Weiner Says: Small Business Loans On The Rise
Following a recent announcement that 151,000 new jobs were created in October, Rep. Anthony Weiner released a new study showing that small business loans in Queens are up 41 percent over last year, with more than $69 million in lending distributed in the borough in 2010 alone. Weiner’s study shows that the total number of SBA loans provided to New York City rose 44 percent – from 655 loans in 2009 to 940 loans in 2010.
Similarly, the total amount of SBA loans provided to small businesses in New York City rose from $180,254,300 in 2009 to $262,008,500 in 2010, or roughly a 45 percent increase.
With the exception of Staten Island, every borough saw significant gains in small business lending.
Leading the pack was the Bronx, which saw a whopping 62 percent increase in the amount of money received by small businesses, or $9,980,500 in additional funds in 2010.
Manhattan businesses experienced the biggest bump in the number of loans received, from 239 loans in 2009 to 376 loans in 2010 – a 57 percent increase.
Weiner has long championed the interests of small businesses in New York City, with particular focus on increasing lending and access to credit, which allows businesses to expand, meet payroll, purchase new equipment and even hire new employees. Weiner has supported recent legislation in the 111th Congress to help small businesses, which, he says, has done more to help business owners than any Congress in recent history.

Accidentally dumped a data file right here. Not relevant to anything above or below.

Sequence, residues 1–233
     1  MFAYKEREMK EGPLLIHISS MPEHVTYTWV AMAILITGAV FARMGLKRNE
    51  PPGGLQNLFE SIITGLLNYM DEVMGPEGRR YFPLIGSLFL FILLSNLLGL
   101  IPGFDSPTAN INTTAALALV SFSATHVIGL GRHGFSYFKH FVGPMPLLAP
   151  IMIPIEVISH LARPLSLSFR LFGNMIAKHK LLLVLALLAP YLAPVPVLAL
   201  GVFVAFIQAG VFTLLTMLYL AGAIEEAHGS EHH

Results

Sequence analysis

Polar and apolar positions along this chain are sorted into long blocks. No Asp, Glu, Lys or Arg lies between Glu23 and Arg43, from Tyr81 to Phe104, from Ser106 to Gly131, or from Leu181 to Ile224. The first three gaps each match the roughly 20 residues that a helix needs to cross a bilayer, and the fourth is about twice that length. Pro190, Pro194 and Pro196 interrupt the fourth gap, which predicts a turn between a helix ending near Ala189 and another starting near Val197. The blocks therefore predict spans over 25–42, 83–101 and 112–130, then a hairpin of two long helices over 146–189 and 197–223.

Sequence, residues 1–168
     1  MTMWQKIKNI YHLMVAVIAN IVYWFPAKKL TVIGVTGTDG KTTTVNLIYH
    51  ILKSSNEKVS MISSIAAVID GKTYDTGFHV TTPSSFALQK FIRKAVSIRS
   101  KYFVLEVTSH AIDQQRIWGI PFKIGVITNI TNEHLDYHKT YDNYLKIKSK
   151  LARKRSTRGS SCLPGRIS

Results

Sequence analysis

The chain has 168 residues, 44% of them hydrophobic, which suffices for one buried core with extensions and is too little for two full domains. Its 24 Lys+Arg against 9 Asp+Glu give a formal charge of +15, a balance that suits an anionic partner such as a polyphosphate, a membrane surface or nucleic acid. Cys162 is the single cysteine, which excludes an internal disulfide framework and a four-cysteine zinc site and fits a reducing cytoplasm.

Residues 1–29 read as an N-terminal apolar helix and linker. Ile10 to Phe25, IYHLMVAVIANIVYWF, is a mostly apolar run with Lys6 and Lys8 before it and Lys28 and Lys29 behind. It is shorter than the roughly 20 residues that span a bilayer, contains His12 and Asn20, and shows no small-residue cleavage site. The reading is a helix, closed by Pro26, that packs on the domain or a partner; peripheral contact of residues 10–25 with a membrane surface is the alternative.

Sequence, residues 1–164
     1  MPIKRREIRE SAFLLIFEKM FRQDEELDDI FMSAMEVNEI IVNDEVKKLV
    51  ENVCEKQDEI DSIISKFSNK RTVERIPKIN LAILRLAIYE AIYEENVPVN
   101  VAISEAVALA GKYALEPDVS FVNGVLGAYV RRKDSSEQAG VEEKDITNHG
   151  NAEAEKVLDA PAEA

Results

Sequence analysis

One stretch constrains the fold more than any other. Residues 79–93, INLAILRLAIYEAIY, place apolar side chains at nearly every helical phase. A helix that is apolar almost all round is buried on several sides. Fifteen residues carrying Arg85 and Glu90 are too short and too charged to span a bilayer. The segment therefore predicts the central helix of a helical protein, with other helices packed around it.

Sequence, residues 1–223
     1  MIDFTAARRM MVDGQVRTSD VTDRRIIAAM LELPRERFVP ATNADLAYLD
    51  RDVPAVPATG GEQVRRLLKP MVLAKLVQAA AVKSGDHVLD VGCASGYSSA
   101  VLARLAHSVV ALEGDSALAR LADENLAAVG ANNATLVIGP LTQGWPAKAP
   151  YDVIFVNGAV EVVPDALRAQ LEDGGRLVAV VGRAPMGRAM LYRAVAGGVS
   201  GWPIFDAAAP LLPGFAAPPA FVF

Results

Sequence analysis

“Small businesses are the backbone of New York City’s economy, and they have borne the brunt of our nation’s recent downturn,” Weiner said. “The increase in loans to small businesses is extremely encouraging, because access to credit is vital to helping these businesses get back on their feet and putting Americans back to work.”
Small Business Legislation in the 111th Congress:
The Recovery Act - signed into law in February of 2009, the “Stimulus” made it easier for banks to offer SBA loans to small businesses by increasing the loan guarantee amount from 75 percent to 90 percent. It also doubled the amount small businesses can immediately write off on their taxes for capital investments and the purchase of new equipment.
The Small Business Jobs Act - signed into law in September of 2010, this legislation reauthorized the Recovery Act’s loan guarantee increase and freed up $30 billion for community banks to lend strictly to small businesses. It also provided $12 billion in new tax cuts for small businesses.
The HIRE Act - signed into law in March 2010, this legislation provides a payroll tax holiday for businesses that hire unemployed workers, and provides an income tax credit of $1,000 for businesses that retain these employees for a full year.